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9/12/2015 10:18:35 PM
Posted: 1 year ago
At 9/12/2015 10:14:51 PM, beng100 wrote:
At 9/12/2015 9:15:05 PM, ErenBalkir wrote:
Maybe that's right. I generally consider ukip a bunch of clowns. I agree with a considerable number of their policies but I consider them incompetent and incapable of running the country. I consider the following views I hold to be liberal.

1. I'm an atheist
2. I believe in equal rights for all citizens regardless of gender, ethnicity or sexual orientation.
3. I believe in electoral reform/ modernisation
4. I think trident should be scrapped and military spending reduced.
5. I think abortion should be allowed at any stage of pregnancy.
6. LGBT rights
7. Strong agenda against religion.

These show very little. Libertarians who are usually classed as very right wing believe in a lot of this stuff as well. You could probably be in UKIP or the conservatives and still hold these views very easily. Few of these have any policy implications and the ones that do like the military can also be seen through a right-wing "smaller government" angle.


Strongly right wing views-
1. Introduction of immigration controls only allowing people into the country who benefit the economy.
2. Deportation of all illegal migrants.
3. Introduction of fines, forced labour and in the worst incidences the death penalty for prisoners.
4. Removal of pensions and chiild benefit to those with no financial need for it.
5. Only pay child benefit for 2 children per parent.
6. Abolish green energy subsidies, encourage most profitable energy production methods including fracking and nuclear.
7. Reform agricultural payments introducing performance based payments and removing restrictive inefficient environment minded ones.

These are clearly right wing and have direct policy implications. Immigration, welfare, energy, prisoners and the environment. On the key policy issues you are almost entirely on the right. Once again, it seems no-one has yet to have a truly diverse range of political views.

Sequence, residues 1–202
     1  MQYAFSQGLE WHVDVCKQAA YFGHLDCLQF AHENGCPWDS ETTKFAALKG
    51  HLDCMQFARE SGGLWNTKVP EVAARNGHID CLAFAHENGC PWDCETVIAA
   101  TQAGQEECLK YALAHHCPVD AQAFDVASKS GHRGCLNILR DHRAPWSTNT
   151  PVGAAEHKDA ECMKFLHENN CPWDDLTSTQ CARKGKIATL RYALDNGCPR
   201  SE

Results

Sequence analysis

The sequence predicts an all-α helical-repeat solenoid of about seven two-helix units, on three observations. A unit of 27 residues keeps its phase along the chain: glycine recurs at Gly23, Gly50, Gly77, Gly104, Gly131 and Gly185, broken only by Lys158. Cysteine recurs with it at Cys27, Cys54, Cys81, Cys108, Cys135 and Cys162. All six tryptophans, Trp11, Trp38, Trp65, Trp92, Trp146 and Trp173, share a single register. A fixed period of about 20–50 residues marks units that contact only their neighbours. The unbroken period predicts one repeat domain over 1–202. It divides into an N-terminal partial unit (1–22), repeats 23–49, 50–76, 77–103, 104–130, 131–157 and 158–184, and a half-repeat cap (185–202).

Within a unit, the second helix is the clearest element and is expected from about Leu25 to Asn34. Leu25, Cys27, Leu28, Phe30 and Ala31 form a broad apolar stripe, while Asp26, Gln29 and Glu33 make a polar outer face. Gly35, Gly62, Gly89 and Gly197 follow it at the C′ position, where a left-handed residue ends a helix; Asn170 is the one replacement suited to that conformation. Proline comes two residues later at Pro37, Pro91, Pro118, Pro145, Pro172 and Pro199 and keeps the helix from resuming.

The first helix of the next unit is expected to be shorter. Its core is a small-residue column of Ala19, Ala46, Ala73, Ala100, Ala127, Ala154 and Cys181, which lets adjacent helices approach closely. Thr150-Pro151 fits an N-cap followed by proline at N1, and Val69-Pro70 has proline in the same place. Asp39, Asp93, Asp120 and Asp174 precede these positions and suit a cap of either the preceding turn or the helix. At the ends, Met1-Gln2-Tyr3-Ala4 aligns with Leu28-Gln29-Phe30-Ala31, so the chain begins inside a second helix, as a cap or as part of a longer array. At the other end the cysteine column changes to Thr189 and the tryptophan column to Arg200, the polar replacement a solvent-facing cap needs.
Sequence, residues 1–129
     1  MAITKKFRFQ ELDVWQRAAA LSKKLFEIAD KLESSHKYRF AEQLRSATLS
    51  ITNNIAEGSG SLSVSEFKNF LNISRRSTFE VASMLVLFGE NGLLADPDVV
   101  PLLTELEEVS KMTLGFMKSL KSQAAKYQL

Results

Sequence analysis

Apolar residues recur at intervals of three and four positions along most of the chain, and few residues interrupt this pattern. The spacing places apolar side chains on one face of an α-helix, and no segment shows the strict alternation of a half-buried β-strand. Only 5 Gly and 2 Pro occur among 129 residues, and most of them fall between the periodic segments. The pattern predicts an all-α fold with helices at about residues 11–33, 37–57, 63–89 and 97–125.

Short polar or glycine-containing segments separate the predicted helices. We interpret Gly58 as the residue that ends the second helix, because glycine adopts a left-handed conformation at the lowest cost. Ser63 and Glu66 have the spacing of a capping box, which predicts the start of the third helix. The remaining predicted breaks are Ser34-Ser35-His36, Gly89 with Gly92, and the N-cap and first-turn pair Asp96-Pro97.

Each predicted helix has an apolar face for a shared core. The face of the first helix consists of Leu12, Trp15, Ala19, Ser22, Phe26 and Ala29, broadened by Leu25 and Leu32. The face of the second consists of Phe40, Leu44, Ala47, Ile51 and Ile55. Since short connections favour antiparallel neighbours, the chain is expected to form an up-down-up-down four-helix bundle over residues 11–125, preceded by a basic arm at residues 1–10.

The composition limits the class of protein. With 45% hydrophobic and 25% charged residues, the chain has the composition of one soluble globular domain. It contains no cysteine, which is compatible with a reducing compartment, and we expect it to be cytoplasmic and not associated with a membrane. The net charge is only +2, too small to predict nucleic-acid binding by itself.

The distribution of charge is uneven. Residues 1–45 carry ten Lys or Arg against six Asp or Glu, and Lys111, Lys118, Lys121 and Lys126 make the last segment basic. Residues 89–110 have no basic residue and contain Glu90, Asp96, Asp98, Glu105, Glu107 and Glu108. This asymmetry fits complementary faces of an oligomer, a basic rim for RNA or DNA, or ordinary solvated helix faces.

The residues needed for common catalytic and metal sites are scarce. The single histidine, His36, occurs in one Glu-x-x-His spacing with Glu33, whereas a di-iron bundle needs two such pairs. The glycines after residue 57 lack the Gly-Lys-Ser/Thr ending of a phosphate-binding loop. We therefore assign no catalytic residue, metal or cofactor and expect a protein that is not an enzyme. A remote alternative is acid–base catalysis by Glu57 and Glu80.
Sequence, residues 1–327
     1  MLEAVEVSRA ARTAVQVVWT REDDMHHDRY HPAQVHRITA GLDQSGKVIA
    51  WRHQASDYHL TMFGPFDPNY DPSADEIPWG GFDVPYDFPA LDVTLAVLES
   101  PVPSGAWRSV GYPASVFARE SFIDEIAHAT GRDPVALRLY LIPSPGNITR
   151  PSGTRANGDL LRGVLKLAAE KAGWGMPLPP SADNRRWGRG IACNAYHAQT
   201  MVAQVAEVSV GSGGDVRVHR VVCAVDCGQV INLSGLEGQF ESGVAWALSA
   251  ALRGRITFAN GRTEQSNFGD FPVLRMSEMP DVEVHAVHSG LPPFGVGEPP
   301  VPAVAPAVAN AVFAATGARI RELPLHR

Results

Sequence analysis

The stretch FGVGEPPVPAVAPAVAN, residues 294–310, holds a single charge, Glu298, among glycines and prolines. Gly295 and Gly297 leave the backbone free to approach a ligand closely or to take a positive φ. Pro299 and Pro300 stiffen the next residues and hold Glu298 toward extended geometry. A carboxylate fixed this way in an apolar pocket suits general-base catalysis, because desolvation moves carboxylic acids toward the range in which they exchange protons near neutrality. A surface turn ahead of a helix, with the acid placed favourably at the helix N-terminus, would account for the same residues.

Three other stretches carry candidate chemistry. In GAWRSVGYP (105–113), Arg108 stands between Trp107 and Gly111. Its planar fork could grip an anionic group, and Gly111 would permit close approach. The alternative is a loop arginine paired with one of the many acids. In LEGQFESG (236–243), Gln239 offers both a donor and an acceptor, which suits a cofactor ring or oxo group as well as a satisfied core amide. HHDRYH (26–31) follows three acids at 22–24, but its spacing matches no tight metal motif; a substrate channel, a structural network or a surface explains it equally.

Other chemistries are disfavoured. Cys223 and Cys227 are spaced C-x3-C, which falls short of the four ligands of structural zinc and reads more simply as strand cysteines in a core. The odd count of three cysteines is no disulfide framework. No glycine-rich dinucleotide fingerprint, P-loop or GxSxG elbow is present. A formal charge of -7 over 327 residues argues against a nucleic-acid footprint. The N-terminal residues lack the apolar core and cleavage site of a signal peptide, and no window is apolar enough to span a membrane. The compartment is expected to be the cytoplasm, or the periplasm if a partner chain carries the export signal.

Fair enough that is where I would generally classify my views on the political spectrum. I am generally classed as a liberal by republicans due to my stances on gun laws, gay marriage, defence spending and religeon. America Is generally quite a right wing country though and it's very religious.

In the UK those issues do not belong to any side of the political spectrum.
beng100
Posts: 1,055
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9/12/2015 10:40:28 PM
Posted: 1 year ago
At 9/12/2015 10:18:35 PM, ErenBalkir wrote:
At 9/12/2015 10:14:51 PM, beng100 wrote:
At 9/12/2015 9:15:05 PM, ErenBalkir wrote:
Maybe that's right. I generally consider ukip a bunch of clowns. I agree with a considerable number of their policies but I consider them incompetent and incapable of running the country. I consider the following views I hold to be liberal.

1. I'm an atheist
2. I believe in equal rights for all citizens regardless of gender, ethnicity or sexual orientation.
3. I believe in electoral reform/ modernisation
4. I think trident should be scrapped and military spending reduced.
5. I think abortion should be allowed at any stage of pregnancy.
6. LGBT rights
7. Strong agenda against religion.

These show very little. Libertarians who are usually classed as very right wing believe in a lot of this stuff as well. You could probably be in UKIP or the conservatives and still hold these views very easily. Few of these have any policy implications and the ones that do like the military can also be seen through a right-wing "smaller government" angle.


Strongly right wing views-
1. Introduction of immigration controls only allowing people into the country who benefit the economy.
2. Deportation of all illegal migrants.
3. Introduction of fines, forced labour and in the worst incidences the death penalty for prisoners.
4. Removal of pensions and chiild benefit to those with no financial need for it.
5. Only pay child benefit for 2 children per parent.
6. Abolish green energy subsidies, encourage most profitable energy production methods including fracking and nuclear.
7. Reform agricultural payments introducing performance based payments and removing restrictive inefficient environment minded ones.

These are clearly right wing and have direct policy implications. Immigration, welfare, energy, prisoners and the environment. On the key policy issues you are almost entirely on the right. Once again, it seems no-one has yet to have a truly diverse range of political views.

Fair enough that is where I would generally classify my views on the political spectrum. I am generally classed as a liberal by republicans due to my stances on gun laws, gay marriage, defence spending and religeon. America Is generally quite a right wing country though and it's very religious.

In the UK those issues do not belong to any side of the political spectrum.

Yes that's something I like about the UK. I don't believe they should be part of political debate.